UC Nursery and Floriculture Alliance
University of California
UC Nursery and Floriculture Alliance

SCIENCE TO THE GROWER: Hydrogels do not decrease water use in container plant production

by Richard Evans

When drought strikes California, ornamental crop producers are urged to incorporate water-absorbing polymers (hydrogels) into container media. It’s as sure to happen as the appearance of yard cleanup service ads on my porch whenever I neglect my garden. I should use those ads to mulch my flower beds 4 inches deep and suppress the weeds, but I’m too lazy. But enough about me. Let’s talk about hydrogels.

The typical claim is that these polymers, which can hold several hundred times their weight in water, increase the water-holding capacity of container media and decrease crop water requirements. These claims are backed by some reports indicating that hydrogel addition increases time to wilt, reduces required irrigation frequency and decreases plant water use. However, there are many reports that hydrogel incorporation has little or no effect. In this article I will review what we know about how hydrogels behave in container media.

The attraction of hydrogels comes from their ability to hold astounding amounts of water, and the idea that adding them to a potting mix would increase water retention. The usual way of increasing water retention is to use a finer mix that has smaller pores, because water retention in pots is inversely proportional to the average pore size of the medium: small pores tend to hold water, and large pores don’t. Most commercial container media have pore sizes that enable them to hold a lot of water, typically between 50% to 80% by volume. Only media with very coarse pores might be expected to benefit from hydrogel addition.

Unfortunately, the ability of hydrogels to hold water isn’t as impressive after incorporation into a typical potting mix. Research in my lab (Evans and others 1989) and at UC Riverside (Letey and others 1992) showed that addition of a polyacrylamide gel to a potting mix at the recommended rate had no effect on water retention. Both studies reported that doubling the rate of addition increased water retention slightly, but, since plant water use was unchanged, water was not conserved.

Why don’t the hydrogels retain water? We found that polyacrylamide gels exposed to typical concentrations of fertilizer solutions hold as little as 10% of their maximum water-holding capacity (Bowman and others 1990). We think that the positively charged ions in the fertilizer solution—especially multivalent ions of calcium, magnesium and iron—interfere with the ability of hydrogels to attract water molecules, and constrain hydrogel expansion. We also showed that the inhibition of gel hydration by fertilizers can be partially reversed by applying a solution of a potassium salt, followed by repeated leaching with water (Bowman and Evans 1991). As you can imagine, that exercise would not be practical in commercial horticulture.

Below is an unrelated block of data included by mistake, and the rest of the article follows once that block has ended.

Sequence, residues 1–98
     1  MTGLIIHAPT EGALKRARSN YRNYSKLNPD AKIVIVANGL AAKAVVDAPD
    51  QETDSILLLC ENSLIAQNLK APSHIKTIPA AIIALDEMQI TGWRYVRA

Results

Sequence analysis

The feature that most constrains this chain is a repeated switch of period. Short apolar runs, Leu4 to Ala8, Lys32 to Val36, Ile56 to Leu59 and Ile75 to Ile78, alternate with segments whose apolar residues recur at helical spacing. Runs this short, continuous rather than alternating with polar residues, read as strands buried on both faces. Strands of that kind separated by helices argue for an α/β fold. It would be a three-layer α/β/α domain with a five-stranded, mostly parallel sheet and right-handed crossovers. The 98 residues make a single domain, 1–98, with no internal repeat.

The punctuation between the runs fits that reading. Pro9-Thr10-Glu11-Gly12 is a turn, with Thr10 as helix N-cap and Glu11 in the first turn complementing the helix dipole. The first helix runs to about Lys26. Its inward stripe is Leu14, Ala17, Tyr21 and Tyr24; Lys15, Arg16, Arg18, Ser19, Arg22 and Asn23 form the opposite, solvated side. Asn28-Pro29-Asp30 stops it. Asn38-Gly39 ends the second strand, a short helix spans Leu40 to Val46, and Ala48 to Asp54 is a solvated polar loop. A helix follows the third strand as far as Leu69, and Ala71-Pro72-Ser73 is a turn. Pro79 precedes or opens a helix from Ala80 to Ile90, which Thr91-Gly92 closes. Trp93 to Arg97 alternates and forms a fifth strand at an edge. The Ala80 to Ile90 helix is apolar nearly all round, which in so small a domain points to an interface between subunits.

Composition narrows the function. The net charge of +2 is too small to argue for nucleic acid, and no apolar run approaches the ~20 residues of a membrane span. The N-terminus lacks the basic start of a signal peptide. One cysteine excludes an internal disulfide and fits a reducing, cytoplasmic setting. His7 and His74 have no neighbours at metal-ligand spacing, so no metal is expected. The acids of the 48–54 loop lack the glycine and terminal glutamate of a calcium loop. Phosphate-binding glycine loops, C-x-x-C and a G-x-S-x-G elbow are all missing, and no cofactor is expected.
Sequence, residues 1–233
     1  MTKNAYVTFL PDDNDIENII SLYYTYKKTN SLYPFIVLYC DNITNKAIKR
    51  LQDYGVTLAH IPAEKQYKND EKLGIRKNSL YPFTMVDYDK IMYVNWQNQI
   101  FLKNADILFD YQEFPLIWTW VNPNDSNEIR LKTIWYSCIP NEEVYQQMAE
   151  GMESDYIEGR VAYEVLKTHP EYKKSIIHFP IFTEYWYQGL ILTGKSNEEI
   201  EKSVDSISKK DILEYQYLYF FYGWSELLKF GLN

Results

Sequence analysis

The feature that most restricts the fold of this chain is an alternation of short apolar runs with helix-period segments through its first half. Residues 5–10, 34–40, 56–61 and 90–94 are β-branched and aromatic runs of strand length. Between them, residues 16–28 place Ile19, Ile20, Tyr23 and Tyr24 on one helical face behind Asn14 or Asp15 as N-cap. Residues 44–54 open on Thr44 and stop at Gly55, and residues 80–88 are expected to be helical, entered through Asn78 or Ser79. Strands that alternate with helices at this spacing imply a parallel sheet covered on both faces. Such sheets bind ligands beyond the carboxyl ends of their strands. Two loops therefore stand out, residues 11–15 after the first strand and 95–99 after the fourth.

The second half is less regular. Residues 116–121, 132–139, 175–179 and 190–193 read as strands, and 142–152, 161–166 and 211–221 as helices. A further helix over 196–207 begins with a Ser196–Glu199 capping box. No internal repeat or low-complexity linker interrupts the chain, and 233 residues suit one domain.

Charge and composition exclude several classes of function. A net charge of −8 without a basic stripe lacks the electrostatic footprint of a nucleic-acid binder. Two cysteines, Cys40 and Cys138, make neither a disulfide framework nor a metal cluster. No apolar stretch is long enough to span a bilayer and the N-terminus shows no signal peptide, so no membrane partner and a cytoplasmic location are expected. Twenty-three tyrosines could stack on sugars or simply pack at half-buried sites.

The picture for hydrogels hasn’t changed much since then. Fonteno and Bilderback (1993) reported that hydrogel addition to an unfertilized, coarse mix of pine bark and sand increased water holding capacity slightly, but at the expense of lower air-filled porosity. They noted, however, that the small increase in water retention may not benefit plants because of an “oasis effect,” whereby the water held by gel particles may not be hydraulically connected to roots and therefore not available to the plant. More recently, Green and others (2004) confirmed the earlier findings and reported that the response to fertilizer salts limits the usefulness of hydrogels in field soils, too.

The most important point regarding hydrogel use during droughts is that they do not decrease the water requirement of crops. If irrigation is managed properly, the total amount of water applied will be the same in hydrogel-treated soil as in untreated soil.


Richard Evans is UC Cooperative Extension Environmental Horticulturist, Department of Plant Sciences, UC Davis.

References

Bowman DC, Evans RY. 1991. Calcium inhibition of polyacrylamide gel hydration is partially reversible by potassium. HortScience 26: 1063-1065.

Bowman DC, Evans RY, Paul JL. 1990. Fertilizer salts reduce hydration of polyacrylamide gels and affect physical properties of gel-amended container media. Journal of the American Society for Horticultural Science 115: 382-386.

Evans RY, Sisto I, Bowman DC. 1989. The effectiveness of hydrogels in container plant production is reduced by fertilizer salts. Flower & Nursery Report, Summer 1989. pp. 5-7.

Fonteno WC, Bilderback TE. 1993. Impact of hydrogel on physical properties of coarse-structured horticultural substrates. Journal of the American Society for Horticultural Science 118: 217-222.

Green CH, Foster C, Cardon GE, Butters GL, Brick M, Ogg B. 2004. Water release from cross-linked polyacrylamide. In: Proceedings of the Hydrology Days Conference, March 10–12, 2004, Colorado State University, Ft. Collins, CO. pp. 252–260.

Letey J, Clark PR, Amrhein C. 1992. Water-sorbing polymers do not conserve water. California Agriculture 46 (3): 9-10.

Page Last Updated: July 10, 2014
Webmaster Email: jtillman@ucdavis.edu